Walking around AES’s main Rotherham factory, managing director Chris Rea points to a line of new top-of-the-range Japanese machine tools, each costing about £750,000. He says the investments pay off in providing the company with a huge amount of flexibility in reacting to customers’ demands for new types of seal.

“We use the machines to make the parts we need at the speed required by our customers, who often don’t want to wait long for a new seal,” he says. “The machines are not so much about helping productivity as enabling us to provide an excellent level of service.”

Another business that sees the link between investment in technology and commercial results is Dunphy Combustion, a Rochdale firm that is a leader in fuel burners for industrial boilers. The company has recently spent £2.8 million on a new research and development centre to work in areas such as developing new burners for biofuels.

Sharon Kuligowski, managing director, says that spending on new technical ideas is key to capitalising on the rising demand for low-energy forms of combustion that has been triggered both by rising fuel costs and increasing worries about global warming.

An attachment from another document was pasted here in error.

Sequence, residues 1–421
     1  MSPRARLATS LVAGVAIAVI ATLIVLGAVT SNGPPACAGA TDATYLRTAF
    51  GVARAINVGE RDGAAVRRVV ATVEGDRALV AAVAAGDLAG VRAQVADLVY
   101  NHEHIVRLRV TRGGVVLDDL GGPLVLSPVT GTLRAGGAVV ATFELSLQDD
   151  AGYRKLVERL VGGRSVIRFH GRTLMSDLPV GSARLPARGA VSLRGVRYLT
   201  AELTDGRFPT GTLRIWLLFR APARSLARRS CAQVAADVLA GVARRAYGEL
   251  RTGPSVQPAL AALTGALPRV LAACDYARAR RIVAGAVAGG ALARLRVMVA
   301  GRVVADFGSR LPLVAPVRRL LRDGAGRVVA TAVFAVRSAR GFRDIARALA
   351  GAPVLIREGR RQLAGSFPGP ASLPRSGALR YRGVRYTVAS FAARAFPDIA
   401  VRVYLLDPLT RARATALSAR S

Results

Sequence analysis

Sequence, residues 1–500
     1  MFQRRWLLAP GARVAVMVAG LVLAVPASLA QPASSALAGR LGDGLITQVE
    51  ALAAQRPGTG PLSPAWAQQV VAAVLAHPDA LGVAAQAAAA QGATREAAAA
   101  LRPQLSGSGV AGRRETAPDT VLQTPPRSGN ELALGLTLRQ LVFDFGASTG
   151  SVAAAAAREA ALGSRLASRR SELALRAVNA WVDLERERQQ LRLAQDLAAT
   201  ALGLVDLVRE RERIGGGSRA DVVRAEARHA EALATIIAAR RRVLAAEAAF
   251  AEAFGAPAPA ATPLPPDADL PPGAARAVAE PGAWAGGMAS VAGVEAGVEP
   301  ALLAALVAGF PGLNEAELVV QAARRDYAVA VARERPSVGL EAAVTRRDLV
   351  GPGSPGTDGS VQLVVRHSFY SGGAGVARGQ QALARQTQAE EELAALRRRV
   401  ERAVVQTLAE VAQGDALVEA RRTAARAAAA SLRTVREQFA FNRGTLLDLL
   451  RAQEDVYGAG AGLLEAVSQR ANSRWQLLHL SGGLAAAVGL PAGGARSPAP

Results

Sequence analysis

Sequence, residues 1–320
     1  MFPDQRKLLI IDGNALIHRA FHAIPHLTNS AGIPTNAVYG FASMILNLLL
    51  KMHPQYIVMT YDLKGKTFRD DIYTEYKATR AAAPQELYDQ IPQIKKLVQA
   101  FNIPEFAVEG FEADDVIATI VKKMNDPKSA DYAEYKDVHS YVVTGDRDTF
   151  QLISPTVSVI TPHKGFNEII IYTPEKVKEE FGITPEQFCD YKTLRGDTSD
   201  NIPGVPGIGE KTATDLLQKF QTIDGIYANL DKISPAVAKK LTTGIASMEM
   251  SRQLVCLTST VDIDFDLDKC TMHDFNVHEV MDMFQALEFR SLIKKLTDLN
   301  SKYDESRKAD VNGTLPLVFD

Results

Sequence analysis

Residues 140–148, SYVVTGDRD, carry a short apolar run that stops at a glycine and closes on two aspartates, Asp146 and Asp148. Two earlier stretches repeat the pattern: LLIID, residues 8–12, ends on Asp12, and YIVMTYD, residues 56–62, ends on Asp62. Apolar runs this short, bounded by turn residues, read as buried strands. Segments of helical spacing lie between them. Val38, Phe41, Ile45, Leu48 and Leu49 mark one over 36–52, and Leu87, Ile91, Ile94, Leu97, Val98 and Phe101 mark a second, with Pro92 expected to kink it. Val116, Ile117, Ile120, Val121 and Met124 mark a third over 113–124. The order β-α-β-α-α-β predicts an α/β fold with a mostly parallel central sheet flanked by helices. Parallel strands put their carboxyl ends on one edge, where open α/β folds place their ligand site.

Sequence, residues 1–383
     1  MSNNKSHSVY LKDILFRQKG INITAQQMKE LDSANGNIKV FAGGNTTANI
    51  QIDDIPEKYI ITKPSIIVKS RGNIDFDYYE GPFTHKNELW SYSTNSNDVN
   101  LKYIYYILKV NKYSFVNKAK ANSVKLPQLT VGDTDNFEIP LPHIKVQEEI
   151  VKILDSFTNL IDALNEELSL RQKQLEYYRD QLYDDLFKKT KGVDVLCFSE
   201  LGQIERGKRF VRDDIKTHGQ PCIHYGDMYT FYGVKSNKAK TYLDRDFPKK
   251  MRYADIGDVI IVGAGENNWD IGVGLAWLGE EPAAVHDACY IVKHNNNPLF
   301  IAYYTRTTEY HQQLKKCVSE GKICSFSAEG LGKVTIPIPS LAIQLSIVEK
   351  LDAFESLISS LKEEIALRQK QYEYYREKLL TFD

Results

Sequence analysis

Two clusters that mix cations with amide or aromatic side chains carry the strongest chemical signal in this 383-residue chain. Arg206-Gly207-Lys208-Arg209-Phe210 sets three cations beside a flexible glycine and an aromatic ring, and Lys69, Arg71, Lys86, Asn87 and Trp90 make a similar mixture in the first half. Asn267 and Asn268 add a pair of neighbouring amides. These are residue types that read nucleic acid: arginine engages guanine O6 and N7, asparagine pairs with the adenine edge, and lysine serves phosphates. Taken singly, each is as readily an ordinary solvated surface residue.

“Continued innovation will be the only way we will be able to grow,” she says. Nick Bolton, chief executive of OMG, an Oxford-based company which makes “intelligent” cameras for jobs such as automatic road inspection or industrial measurement, is another optimist when it comes to the UK’s broad capabilities in manufacturing-related technologies, for all its perceived failings in the scale of its investments.

Mr Bolton points out that the UK’s manufacturing technology strengths are in areas that are difficult to capture by statistical surveys. He says the UK enjoys close connections between engineering capability and design skills, and has a strong record in processes built around making small batches of high-performance items to meet customers’ deadlines.

“There are many British companies around now which [in manufacturing] can do things that were close to impossible 20 years ago and I think this provides some hope for the next few years,” he concludes.